Authority to Regulate Parking
First you need to find out if your governing documents give your association authority to address parking issues. Many documents provide authority to prohibit parking but lack definitive remedies for those violations. Other documents simply allow associations to draft rules to address parking issues.
The next step is to work with your legal counsel to understand what authority your governing documents provide, and how that authority relates to local laws. Then draft clear rules stating what is prohibited and what the consequence is should there be a violation.
Parking Rule Drafting Tips
If your documents prohibit or restrict parking of certain types of vehicles, such as recreational or commercial vehicles, trucks, vans, or mobile homes, these types of vehicles must be clearly defined in your rules. While each of these terms may provide a clear image in each person’s head, different people may have different images of, what a “commercial vehicle” is. Be very specific.
If your documents prohibit parking in certain areas, make sure the boundaries of those areas are clearly defined in your rules and clearly marked in the community. Many owners are not familiar with their association boundaries so make sure to choose markers that anyone can see.
If your documents prohibit parking at certain times, make it clear what those times are and make sure you can enforce them. For example what times parking is prohibited if the rule prohibits parking “over night”? Does the vehicle have to be there all night to be a violation? Does it mean no parking even for 5 minutes at night? If so, when does “night” start? 5:00 pm? Midnight? Make time frames clear, and conspicuously post them.
Make sure the association complies with all notice requirements in your governing documents, no matter what the final remedy. If personal contact is required then mailing a notice will not be sufficient. If the documents require a notice to be placed on the vehicle, then mailing a notice will not be sufficient. Whatever remedy is used, make sure that the proper notice and opportunity for a hearing have been provided prior to invoking the remedy, if required by Colorado law and/or the governing documents.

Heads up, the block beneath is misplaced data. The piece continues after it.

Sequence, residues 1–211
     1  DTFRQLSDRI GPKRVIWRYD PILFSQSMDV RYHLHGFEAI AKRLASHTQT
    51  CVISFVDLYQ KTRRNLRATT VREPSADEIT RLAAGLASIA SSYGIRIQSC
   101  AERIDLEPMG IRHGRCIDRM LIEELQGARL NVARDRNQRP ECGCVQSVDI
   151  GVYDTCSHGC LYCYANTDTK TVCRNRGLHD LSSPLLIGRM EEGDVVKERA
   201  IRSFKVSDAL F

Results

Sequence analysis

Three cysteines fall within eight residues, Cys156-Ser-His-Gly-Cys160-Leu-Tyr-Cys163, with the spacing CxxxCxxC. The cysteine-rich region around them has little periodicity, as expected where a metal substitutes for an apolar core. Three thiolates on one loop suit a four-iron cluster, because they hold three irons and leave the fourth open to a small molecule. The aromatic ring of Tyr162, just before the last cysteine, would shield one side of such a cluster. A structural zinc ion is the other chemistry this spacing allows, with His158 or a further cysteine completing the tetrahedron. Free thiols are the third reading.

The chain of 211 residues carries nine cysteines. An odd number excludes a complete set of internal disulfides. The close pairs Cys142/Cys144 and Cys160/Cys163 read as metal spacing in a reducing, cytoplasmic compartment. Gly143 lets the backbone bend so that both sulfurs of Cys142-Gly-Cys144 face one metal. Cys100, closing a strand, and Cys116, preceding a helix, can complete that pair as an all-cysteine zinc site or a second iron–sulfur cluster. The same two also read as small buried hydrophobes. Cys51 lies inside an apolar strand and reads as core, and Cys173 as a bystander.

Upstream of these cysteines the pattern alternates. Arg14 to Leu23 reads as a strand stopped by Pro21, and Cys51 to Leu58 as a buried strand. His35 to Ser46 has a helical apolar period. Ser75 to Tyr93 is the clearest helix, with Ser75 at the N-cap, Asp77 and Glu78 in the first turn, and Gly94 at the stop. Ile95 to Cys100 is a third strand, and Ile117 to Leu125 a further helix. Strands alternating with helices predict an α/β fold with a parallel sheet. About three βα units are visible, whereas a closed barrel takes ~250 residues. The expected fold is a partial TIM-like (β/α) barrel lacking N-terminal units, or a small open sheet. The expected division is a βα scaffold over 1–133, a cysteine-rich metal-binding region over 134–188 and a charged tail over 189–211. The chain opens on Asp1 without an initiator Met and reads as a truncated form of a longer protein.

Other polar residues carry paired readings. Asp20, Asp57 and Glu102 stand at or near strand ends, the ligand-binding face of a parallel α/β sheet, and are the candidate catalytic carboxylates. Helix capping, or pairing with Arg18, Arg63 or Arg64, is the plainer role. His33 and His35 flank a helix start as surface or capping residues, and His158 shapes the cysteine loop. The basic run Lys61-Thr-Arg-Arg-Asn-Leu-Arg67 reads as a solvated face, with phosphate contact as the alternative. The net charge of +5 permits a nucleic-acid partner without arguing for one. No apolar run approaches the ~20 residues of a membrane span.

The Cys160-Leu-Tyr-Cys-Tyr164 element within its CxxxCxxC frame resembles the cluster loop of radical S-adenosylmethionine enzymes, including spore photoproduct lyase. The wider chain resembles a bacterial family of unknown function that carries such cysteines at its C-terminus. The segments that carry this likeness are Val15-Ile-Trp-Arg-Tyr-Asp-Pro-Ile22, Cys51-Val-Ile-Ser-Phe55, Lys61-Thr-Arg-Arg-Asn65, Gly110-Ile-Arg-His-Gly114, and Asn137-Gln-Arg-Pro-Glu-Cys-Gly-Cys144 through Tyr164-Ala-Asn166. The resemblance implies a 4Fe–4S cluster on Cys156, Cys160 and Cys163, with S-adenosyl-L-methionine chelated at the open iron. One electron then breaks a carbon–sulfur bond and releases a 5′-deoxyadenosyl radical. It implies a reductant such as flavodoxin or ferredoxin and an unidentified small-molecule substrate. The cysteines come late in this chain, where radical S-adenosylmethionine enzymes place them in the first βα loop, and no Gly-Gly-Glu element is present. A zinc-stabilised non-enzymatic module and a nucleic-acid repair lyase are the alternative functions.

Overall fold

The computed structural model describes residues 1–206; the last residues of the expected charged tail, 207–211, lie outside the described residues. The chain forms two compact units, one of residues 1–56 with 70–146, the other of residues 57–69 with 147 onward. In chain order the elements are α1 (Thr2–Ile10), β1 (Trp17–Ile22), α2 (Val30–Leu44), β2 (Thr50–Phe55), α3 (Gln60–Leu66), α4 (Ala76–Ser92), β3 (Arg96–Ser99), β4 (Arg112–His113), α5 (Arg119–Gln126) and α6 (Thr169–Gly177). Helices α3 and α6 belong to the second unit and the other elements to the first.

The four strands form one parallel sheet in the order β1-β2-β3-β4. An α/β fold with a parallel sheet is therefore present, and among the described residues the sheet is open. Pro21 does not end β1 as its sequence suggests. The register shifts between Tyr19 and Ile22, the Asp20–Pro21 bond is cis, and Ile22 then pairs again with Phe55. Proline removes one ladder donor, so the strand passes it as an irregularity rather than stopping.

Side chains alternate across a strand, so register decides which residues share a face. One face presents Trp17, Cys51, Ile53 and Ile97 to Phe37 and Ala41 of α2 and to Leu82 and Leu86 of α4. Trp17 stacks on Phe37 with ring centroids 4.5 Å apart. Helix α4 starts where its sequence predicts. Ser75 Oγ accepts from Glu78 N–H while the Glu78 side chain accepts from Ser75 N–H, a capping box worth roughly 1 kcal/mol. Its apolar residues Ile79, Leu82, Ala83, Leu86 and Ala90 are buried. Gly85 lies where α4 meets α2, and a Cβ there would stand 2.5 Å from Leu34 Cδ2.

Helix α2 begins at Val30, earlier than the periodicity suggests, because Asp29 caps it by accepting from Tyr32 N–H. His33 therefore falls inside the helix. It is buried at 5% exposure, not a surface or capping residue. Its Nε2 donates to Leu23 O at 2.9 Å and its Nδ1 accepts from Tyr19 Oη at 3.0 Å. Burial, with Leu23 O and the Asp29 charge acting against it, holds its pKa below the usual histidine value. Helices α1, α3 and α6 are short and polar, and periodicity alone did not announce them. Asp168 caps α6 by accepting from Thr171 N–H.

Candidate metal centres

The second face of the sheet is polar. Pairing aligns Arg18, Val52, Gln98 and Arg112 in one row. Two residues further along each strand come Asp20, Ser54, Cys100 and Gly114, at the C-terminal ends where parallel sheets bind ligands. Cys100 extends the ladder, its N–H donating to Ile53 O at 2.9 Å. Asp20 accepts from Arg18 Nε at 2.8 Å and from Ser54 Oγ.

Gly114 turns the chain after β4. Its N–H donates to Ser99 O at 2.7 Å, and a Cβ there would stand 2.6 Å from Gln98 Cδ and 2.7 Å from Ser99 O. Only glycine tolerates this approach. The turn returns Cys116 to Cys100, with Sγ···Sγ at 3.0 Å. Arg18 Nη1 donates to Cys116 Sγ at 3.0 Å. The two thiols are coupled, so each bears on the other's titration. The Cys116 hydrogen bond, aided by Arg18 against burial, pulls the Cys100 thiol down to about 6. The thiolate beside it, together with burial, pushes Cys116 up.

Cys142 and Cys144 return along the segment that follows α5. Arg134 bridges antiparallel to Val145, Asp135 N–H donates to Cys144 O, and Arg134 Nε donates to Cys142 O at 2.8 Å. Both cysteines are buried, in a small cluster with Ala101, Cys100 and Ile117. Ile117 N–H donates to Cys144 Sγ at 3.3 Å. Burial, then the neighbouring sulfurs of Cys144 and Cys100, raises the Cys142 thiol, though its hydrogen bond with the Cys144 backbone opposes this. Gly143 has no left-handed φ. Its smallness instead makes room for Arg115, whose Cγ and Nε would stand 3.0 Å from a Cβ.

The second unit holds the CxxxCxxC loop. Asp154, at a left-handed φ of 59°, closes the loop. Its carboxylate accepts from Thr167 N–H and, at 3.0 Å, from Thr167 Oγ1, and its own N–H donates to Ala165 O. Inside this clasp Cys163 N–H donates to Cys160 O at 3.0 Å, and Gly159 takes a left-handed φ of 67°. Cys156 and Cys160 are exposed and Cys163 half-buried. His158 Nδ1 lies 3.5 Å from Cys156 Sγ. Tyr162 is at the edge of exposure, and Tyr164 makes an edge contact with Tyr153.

Remedies for parking violations can include fines, towing, booting, or use of the police to correct the violation. Don’t forget if the violation is a fire lane violation, calling the police may be the simplest remedy. Parking in a fire lane is a violation most police departments will handle for an association.
Proper notice must be given especially if the final remedy is towing the vehicle. Although it is extremely frustrating to have parking violators, towing vehicles can only be done if your governing documents give you specific authority to tow and you have followed every step required. This includes following the requirements of your local municipality about towing. Many municipalities have updated towing rules within the last year, make sure you check with them before engaging a towing company.
A common question is whether an association may tow vehicles parked on public streets. There’s no simple answer to this question: it depends on your association’s governing documents, how and when the streets were annexed, and on local laws. If your association would like to tow vehicles parked on public streets as a final remedy, be sure to contact your legal counsel to determine if the association has the authority to do so.